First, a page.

How do I know which therapist I should go and see about my back pain?
This is a common question that I hear people asking – and I completely understand where there coming from.
There are so many different types of therapy out there that it can be very confusing for people to know who is be the best to go to.
Lets take a look at back pain and the most common therapists who treat back that come to mind are Chiroprators, Osteopaths, Physiotherapists and Physical Therapists and massage therapists.
There are plenty more out there who claim that they can help people in back pain so how does someone choose who is best to see.
To start off, I am a qualified physical therapist, and want to let to let that be known, but I am not going to display any bias towards the profession and want to look at what is best for the patient when making this decision.
So all these professions have the same thing in common really – they all want to help people get out of pain. So in theory it shouldn’t matter who you go and see…………
…..Unfortunately it seldom works like this.
Not all therapist and clinicians treat the same and this includes the physical therapy and physiotherapy profession. You may go and see one physical therapist and they will have a completely different outlook and treatment on the next physical therapist.
So like every profession there will be a difference in quality, approach, communication and after care that will differentiate a good clinician from an average or poor clinician, regardless of how many letters they have after their name.
So to make it easier for the patient, lets look at a few important things that should happen when you go under the care of a good therapist and a good clinician.
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Here are 5 important things that a good therapist should display and explain to you when you become their patient
1 ) Do they listen to you and what you want to achieve from the treatments.
This may sound obvious and simple but you’d be surprised by how many therapists don’t actually fully listen to the patient and why they have come to see them in the first place. Let me give you an example.
I had a 45 year old patient who come to see me two months back with a leg problem who just wanted to be able to get back walking pain free so she could walk her children to school every morning. That time was precious to her. She spent 6 weeks with another therapist who them doing difficult exercises that were more designed for a GAA player and because they were too severe, had actually flared up an old hip problem. All the client wanted to do was to be able to walk pain-free and the this was not heard correctly by the therapist as they were too concerned with giving fancy exercises.
2) Do they give you a clear understanding of what it is that is causing your pain?
Everyone wants to know why they are in pain and what is causing the pain. Pain is a unique experience to the person and two people may feel different experiences with the same type of injury. It is influenced by internal stressors that are unique to the person and these need to be explained and addressed or else the patient will never fully return to their pre- injured or pain free state.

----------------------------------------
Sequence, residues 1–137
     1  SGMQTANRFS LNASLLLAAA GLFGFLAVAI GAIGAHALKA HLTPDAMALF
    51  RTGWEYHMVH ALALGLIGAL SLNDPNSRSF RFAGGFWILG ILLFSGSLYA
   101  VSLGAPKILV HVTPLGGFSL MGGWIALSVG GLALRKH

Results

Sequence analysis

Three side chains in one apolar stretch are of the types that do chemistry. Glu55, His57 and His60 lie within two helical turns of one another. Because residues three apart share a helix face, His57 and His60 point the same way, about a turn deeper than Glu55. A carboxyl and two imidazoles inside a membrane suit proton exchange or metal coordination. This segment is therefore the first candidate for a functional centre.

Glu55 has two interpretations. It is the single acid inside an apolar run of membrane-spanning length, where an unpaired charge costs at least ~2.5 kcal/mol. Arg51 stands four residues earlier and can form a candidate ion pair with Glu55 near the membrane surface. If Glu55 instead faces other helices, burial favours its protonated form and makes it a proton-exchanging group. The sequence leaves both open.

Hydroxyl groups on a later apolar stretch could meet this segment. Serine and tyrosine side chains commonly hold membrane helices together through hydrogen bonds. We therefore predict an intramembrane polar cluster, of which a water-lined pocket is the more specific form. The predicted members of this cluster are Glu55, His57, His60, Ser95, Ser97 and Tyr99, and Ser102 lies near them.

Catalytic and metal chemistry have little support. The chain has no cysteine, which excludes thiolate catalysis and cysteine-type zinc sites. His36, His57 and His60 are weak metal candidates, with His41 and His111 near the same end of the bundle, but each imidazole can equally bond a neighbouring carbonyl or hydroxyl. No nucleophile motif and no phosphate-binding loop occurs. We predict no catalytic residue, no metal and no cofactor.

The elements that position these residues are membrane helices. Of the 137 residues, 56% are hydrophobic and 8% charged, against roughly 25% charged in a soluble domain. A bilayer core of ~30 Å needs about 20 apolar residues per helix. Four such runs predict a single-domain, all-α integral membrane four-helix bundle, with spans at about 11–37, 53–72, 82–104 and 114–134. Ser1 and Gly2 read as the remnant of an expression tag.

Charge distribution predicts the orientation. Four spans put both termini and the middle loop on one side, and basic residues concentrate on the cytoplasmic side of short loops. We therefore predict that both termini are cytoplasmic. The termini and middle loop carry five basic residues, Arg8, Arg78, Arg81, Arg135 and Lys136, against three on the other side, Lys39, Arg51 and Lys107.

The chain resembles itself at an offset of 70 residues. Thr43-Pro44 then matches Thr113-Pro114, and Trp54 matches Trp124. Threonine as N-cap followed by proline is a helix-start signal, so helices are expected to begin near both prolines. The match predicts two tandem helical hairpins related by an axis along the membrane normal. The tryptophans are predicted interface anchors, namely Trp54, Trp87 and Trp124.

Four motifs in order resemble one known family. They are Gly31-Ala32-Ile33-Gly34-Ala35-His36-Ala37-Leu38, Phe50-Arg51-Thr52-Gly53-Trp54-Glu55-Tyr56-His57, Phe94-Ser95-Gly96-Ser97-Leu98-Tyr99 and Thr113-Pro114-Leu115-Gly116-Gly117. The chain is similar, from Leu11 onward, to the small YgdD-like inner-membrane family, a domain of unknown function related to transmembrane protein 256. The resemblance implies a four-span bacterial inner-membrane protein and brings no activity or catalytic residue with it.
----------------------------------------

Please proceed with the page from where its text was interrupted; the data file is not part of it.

3) Do they explain to you the current best practice and speak in a way you can understand.
So by this I mean that they should not use words like ” slipped disc”, “loose disc”, “pelvis out of place”, “spine of an 80 year old man” “weak back” or “poor posture is the cause of your pain”.
These are all words that should not be used in modern day healthcare as they are misleading and how been found to not be supported by latest research. Your spine is a very strong structure and discs don’t just easily slip out and your pelvis can’t just be popped back into place.
Your therapist should use terminology that reflects what really is going on in a way that you can understand and relate to, and that won’t increase your fear and pain levels unnecessarily.
4) Do they give you a clear treatment plan before commencing treatment
I remember my first time going for a treatment for neck pain (not going to mention which type of therapist it was). What I thought was part of the assessment, actually turned out to be the treatment and 15 minutes later he was looking for 75 euro. I was shocked and foolishly paid him.
A good therapist should spend some time getting all the information they need by first talking to the patient and assessing their movements and then explain what they have found and what is the likely outcome, amount of treatments needed to achieve the patients goal and how they are going to achieve it before commencing any treatment.
5) Do they give you the power and knowledge to take back control of your own body.
At Midlands Physical Therapy we use hands-on treatment to help get changes in the tissues to allow you to move better and reduce pain. However as the treatments go on, this becomes less important and educating and empowering the patient about how to move well and what they have to do to stay pain-free and move well, become more important.
The patient should not be expected to just show up for treatments and rely on some magic technique from the therapist to get them better.
At Midlands Physical Therapy we are interested in getting long term results and in order to do this, there needs to be communication and work from both the therapist and the patient to achieve the right results.
So as you can see all therapists will be hoping to achieve the same result but if they get there depends on a couple of key important things along the way. They need to be putting the patient first and foremost and not be so worried about their fancy techniques or ‘ego’ but more concerned about how they can help the patient get back to doing the things they want and love to do, and ensuring that they stay there.